jshillingford on LibraryThing 5 months ago
"Wicked Gentlemen" is a delight! Hale has put a fantasy twist on a classical historical setting, The Inquisition. During that time in actual history, Roman Catholic zealots persecuted, tortured and killed many people in an effort to ¿find the truth¿ (forcefully convert those who didn¿t believe) and root out ¿heresy.¿ It was a shocking time in history, and as such, it is a dark but appropriate setting for this story. Generations ago, the priests of the Inquisition convinced the Lords of Hell to embrace salvation. The descendants of those demon lords are called Prodigals, and they are a heavily persecuted minority easily identified by their black fingernails and unusual eye color. Forbidden to leave the Capital city, or use their demon abilities, they are packed into the Prodigal ghetto called Hells Below. The Inquisition priests are the only law enforcement and use brutal methods to keep the Prodigals in line. One such Prodigal is Belimai Sykes. He was taken by the priests and forced to ¿confess.¿ During these interrogations, they addicted him to ophorium, and broke his spirit in the process. William Harper is an Inquisition Captain, who comes to Belimai for help in finding his sister ¿ known for her Prodigal sympathies. She disappeared after many Prodigals turned up mutilated and murdered. This unlikely pair will face dangerous obstacles, and uncover horrifying truths in their investigation. And though they know society will never allow it, they are drawn to each other¿.Hale¿s debut is astonishing and extremely well written. This is one of those rare books that stays with you long after you've finished the last page. The book flowed smoothly, with a lot of action and great dialog. Belimai¿s sly comments and secretive nature capture a reader, while Harper¿s deep desire for justice and happiness are all too real. These two men are so well developed, they come completely to life. They are deeply flawed people, who you can¿t help but feel for. Their relationship isn¿t instantaneous ¿ it builds with each chapter as the two become more entwined in the case, and each other. There is sex, but it isn¿t gratuitous, or graphic. In fact, those moments are revealing and touching as the two men try to find a moment of bliss in their dark world. The mystery of the missing sister and the murdered Prodigals is intricate, with surprising twists that keep a reader guessing what will happen next. Though the ending felt a little rushed, with everything coming to a climax in the last chapter, it was very satisfying. Hale has left room for a sequel, which I can only hope comes to be. I want to spend more time with Prodigals. Highly recommended.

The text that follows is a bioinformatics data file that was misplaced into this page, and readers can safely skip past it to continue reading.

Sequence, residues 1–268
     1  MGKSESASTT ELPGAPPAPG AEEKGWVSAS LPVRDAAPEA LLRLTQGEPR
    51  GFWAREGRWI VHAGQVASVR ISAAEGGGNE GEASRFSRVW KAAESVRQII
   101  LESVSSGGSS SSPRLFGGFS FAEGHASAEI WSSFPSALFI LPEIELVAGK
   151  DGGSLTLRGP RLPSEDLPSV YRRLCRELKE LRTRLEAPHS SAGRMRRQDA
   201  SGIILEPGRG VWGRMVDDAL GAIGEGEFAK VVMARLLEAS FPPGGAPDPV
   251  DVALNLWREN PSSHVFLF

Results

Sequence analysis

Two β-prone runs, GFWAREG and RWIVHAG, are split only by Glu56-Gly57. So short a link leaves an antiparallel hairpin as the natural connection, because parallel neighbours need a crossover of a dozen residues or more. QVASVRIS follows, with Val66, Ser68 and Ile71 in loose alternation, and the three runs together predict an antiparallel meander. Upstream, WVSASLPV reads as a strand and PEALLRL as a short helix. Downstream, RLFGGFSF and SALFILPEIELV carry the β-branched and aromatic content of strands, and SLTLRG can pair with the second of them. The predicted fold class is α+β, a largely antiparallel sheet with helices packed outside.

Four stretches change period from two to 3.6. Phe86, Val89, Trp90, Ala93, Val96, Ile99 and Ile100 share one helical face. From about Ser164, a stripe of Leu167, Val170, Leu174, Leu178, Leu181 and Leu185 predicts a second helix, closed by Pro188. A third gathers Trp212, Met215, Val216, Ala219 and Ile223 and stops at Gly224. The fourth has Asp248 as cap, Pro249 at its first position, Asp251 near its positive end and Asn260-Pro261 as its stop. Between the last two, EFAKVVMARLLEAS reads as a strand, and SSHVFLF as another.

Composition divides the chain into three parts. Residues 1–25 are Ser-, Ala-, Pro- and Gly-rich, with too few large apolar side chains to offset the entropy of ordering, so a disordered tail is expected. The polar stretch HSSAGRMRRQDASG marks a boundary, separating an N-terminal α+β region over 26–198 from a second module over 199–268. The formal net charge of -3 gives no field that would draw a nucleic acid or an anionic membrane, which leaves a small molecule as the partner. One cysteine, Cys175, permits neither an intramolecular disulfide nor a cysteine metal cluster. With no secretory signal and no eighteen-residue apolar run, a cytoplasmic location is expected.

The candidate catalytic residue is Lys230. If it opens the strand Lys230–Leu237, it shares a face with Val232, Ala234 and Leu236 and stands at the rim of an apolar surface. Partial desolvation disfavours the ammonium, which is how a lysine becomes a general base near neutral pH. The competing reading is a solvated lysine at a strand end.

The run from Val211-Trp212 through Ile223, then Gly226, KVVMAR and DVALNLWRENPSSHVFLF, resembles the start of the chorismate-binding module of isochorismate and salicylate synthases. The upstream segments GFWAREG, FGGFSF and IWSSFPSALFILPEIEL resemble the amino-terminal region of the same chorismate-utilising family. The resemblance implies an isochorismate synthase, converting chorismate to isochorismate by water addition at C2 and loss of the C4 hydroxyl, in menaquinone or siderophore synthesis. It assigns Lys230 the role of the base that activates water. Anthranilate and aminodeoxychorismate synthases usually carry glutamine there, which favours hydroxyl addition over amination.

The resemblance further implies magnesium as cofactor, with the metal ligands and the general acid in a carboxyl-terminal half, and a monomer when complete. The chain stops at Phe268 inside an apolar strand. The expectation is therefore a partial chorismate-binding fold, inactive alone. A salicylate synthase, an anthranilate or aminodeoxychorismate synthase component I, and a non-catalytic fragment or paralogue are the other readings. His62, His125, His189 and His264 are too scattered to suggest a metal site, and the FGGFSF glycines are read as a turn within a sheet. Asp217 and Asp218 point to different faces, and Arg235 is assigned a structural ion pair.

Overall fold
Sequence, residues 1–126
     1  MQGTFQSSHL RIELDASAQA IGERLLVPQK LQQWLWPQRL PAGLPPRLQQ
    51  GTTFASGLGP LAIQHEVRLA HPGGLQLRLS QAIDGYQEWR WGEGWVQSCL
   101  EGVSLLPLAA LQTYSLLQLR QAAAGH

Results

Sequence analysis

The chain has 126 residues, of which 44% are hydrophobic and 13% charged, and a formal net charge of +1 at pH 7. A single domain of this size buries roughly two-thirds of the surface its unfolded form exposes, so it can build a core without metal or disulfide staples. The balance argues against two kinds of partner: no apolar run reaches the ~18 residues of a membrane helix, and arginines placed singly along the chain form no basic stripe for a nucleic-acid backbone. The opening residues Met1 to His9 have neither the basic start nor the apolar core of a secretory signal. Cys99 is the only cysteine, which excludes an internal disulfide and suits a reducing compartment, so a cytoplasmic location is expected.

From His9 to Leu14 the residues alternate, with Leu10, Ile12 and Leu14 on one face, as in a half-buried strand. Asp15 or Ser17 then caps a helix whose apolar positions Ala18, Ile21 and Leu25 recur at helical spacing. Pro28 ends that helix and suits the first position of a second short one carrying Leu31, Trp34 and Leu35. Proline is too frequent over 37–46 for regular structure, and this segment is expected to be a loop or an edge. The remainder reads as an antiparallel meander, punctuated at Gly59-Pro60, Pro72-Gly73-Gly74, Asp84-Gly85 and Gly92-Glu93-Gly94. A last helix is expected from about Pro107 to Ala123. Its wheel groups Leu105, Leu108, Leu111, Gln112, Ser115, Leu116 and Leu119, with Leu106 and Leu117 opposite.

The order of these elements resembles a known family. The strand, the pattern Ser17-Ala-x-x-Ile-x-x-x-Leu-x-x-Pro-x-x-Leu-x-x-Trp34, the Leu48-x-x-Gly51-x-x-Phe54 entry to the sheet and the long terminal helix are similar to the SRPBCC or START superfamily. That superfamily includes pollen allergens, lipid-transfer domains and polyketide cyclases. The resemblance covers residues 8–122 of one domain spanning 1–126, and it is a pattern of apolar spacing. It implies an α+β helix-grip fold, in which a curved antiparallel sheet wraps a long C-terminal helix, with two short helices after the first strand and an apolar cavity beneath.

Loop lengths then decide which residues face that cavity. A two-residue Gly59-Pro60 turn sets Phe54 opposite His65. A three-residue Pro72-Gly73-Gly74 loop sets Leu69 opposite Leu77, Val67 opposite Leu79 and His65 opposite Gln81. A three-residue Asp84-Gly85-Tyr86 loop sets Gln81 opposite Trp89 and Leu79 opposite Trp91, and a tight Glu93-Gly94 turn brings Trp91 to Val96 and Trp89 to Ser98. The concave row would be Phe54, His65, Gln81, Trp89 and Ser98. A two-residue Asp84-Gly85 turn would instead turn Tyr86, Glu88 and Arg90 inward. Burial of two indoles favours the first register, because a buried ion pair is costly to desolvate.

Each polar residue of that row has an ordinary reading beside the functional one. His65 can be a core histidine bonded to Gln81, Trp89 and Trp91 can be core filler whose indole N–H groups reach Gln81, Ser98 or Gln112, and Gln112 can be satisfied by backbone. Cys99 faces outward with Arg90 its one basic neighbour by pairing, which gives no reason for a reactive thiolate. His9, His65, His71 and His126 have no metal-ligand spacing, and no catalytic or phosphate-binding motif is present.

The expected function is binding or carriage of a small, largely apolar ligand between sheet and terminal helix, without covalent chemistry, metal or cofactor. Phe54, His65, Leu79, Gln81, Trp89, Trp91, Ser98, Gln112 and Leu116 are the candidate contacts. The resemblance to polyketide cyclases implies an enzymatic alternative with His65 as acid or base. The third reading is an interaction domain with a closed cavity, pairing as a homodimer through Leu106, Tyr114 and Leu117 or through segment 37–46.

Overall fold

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Joey301 More than 1 year ago
I enjoyed it and was very fond of the characters.